Weekly Photo Challenge: Two Subjects
This photo of a lovely, large, mature female Maasai Giraffe was taken by me in the Tarangire National Park in Tanzania, Africa. This park is hilly and has thick grass by the edge of woodlands, a favorite setting of the stunning Impalas. A group of male Impalas are resting in the grass around the giraffe. To get a sense of how large the giraffe is, the impalas’ height from chest to horn tips while sitting is about three feet. You can find the impalas by looking for their long dark horns in the grass.
These females grow to about 18 feet tall. Male giraffes have a third horn that protrudes from the center of their forehead. They grow up to 21 feet tall. Their heart is 25 pounds! It takes a lot of heart to pump blood up that long neck. Giraffes feed on tall Acacia trees. Their long tongue is about 20 inches long, which they use to wrap around the leaves in between the long and sharp Acacia thorns.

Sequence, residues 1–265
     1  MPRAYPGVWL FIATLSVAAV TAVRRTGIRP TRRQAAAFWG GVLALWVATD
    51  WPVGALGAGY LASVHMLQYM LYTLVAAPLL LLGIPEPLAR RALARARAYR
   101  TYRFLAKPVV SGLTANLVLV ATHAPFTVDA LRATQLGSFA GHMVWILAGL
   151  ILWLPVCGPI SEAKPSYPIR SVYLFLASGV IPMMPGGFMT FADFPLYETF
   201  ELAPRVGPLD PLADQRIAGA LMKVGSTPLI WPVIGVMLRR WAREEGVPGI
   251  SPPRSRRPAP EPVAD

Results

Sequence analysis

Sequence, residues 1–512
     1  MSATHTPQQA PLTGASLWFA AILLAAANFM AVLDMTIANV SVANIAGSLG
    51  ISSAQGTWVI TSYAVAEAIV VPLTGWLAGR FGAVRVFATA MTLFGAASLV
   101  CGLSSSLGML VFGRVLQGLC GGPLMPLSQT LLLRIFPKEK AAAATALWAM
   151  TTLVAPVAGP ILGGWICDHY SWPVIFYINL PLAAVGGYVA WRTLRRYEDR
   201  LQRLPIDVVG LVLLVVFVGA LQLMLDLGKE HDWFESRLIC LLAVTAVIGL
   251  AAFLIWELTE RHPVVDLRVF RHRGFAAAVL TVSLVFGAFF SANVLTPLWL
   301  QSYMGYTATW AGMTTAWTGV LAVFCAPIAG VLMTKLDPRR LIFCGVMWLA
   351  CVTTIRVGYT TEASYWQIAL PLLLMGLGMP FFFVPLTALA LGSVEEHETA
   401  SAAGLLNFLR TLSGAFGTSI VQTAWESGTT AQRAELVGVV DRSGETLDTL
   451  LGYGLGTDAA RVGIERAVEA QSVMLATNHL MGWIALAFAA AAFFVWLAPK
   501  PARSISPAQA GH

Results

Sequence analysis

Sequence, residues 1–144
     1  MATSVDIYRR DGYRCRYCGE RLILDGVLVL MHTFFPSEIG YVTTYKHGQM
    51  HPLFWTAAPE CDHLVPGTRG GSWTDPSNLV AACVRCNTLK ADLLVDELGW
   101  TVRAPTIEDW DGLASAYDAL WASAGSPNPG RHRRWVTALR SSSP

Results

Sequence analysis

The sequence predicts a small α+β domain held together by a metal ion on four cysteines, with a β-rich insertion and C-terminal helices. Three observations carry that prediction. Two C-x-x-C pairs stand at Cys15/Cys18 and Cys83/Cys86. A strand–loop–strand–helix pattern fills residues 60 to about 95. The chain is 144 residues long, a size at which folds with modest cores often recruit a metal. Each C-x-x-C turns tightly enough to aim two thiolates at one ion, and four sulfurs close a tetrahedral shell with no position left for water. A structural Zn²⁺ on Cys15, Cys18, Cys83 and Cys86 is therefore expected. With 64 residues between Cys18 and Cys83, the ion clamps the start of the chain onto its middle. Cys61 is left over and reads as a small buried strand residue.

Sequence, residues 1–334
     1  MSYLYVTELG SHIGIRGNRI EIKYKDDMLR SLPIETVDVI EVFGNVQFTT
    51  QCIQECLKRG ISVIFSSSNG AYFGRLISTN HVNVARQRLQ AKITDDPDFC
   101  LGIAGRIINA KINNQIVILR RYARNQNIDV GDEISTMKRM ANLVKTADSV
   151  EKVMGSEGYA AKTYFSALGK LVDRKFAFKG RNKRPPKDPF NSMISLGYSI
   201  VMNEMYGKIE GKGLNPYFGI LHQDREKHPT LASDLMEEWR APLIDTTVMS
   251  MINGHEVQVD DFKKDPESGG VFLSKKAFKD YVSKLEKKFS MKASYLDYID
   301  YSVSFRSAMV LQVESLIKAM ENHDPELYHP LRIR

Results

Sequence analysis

Impalas stand about three feet tall at the shoulders. Their neck, head and horns can be just as tall. Impalas can jump three feet in the air and up to 30 feet in length. They are amazing animals! Females don’t have horns. Young males and adult males that do not have a harem of females band together, which is what you see in this photo. Their horns look like dead branches in the grass. Lions and other big predators avoid adult giraffes, which can kill them with a swift kick, so the impalas can enjoy a period of rest while the giraffes graze nearby.
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